Wednesday, March 22, 2017

Magical realism to the rescue

I am in a personal revolt against magical realism.

Salmon Rusdie

"I hate Magical Realism," she said, and it was clear she was spitting me out, since to me magical realism is realism.

"It's for weak minds," she continued.

Pepper, as she liked to be called (though she was more like pepper spray) was my latest attempt to reach out to "the other," for the human nourishment that's become increasingly scarce since the Babel of Trump Tower (see below).  

Pepper had taught physics at CSU Irvine, retiring and dropping out after an undisclosed misadventure with a fellow professor.  We met at the Family Dollar Store, her basket full of canned goods, mine carrying five boxes of microwave popcorn.  

"I should try variety," I ventured, when our eyes met.  We hit it off quickly, ending up that afternoon at the Littlerock McDonald's, speculating over coffee whether quantum physics ventures into "magic."  I should have expected that her acceptance of an overlap between magic and science had no bearing on her antipathy to the term, "magic."  

For the record, I define "magic" as "Any workings of the universe that humans don't understand and can't control."  Magic, by this definition, would encompass most, maybe all of the universe.

Less than two weeks after we'd met, Pepper pronounced her judgment on my worldview, and I fled in a sad rage into the desert behind her small house, looking to the void for the usual solace, for a clue about what had gone wrong, and what, if anything, I could do about it.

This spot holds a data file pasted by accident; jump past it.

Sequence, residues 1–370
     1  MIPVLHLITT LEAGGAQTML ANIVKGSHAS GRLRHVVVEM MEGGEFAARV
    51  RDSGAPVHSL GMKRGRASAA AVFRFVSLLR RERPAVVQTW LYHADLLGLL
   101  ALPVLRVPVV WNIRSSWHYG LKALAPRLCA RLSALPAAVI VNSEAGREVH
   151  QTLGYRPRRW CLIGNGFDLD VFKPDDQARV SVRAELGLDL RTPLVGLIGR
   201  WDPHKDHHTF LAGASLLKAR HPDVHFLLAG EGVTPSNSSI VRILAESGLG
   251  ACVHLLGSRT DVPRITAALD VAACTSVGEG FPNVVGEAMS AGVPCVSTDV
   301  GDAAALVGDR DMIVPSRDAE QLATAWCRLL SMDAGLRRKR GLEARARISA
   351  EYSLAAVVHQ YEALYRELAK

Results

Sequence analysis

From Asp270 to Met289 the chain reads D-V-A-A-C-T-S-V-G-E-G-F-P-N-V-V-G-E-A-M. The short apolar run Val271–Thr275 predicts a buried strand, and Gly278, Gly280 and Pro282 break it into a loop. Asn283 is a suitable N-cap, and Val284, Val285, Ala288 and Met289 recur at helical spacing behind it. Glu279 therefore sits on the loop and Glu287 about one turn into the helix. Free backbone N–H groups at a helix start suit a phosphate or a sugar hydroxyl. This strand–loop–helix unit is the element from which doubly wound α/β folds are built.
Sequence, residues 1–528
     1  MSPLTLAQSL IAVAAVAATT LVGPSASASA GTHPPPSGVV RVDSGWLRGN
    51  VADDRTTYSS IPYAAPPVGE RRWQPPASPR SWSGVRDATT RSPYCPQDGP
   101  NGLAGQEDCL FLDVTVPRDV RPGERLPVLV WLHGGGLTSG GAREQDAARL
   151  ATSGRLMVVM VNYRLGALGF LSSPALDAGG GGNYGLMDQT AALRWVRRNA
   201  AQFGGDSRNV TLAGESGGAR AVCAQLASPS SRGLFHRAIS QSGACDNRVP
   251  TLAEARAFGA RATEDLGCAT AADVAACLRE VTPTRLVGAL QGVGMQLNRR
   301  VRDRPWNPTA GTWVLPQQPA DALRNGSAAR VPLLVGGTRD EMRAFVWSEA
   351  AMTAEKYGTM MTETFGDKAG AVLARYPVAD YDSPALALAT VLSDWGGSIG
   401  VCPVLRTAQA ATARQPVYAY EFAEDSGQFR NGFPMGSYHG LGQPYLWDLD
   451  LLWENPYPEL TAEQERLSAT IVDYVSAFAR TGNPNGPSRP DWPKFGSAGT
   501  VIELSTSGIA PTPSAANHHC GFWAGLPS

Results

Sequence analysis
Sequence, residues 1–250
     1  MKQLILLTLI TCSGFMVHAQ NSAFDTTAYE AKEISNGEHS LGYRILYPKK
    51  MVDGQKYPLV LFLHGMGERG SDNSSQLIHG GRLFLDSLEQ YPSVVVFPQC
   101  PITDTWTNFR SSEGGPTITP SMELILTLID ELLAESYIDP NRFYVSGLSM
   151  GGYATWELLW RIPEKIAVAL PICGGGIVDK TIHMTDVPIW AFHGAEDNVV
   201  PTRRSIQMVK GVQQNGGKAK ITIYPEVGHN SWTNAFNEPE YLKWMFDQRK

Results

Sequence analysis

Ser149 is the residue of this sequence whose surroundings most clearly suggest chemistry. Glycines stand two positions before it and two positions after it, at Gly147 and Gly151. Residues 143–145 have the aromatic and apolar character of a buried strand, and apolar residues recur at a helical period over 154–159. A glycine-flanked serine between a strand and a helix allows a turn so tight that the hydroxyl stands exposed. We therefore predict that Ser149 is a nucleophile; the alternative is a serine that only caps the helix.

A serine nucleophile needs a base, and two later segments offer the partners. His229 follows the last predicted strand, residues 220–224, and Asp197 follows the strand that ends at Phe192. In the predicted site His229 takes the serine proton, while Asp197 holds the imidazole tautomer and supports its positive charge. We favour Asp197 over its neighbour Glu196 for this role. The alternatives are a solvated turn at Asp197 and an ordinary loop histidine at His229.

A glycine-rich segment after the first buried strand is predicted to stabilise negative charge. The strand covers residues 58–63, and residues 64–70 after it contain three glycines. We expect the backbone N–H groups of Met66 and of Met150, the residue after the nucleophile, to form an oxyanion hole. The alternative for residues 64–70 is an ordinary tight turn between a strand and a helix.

Shuffling over the rocky sand, I sent random telepathic signals to wildlife in the vicinity. I had not seen my onetime companion Robert the Telepathic Gila monster in weeks, not since a Communication Death Ray was fired at the world by the perpetrators of the Trump coup.  The Communication Death Ray was of such force, and its timing so well chosen, that the effects spread beyond humanity, throwing, for instance, gila monsters, including my friend Robert, into nightmarish alienation.  

Suddenly I heard him.  A faint, me...., echoing in the back of my head. After following the signal for some minutes, I found Robert lying near a large rock, breathing slowly and staring at the sky.

Robert, how can I help you?

I'm alone...they are gone...I'm so alone....

Robert sounded delirious.  I suspected he was dehydrated as well as lonely. I picked him up gently in two arms and carried him for twenty minutes to my shack, where I wrapped him in a towel and placed him in the cool sink. He licked some wet spots on the stainless steel surface.

I let him rest for a while, then asked, 

Robert, are we defeated?  Has the Communication Death Ray wiped us out?
Fortunately telepathy requires less energy than talking, so Robert was able to respond.

Thanks for rescuing me, Harry.  It's hard to know if this battle is lost.  I guess you and I are still alive and sentient, for what that's worth.

I thought briefly of Pepper.   Would this scene be Magical Realism enough for her?

Robert, there are people in government, dodging around Trump, who are trying to counteract the effects of the Communication Death Ray.  It looks like the FBI in particular is anxious to find leverage to stop the coup, or at least somewhat control it.

Robert shook his head ruefully.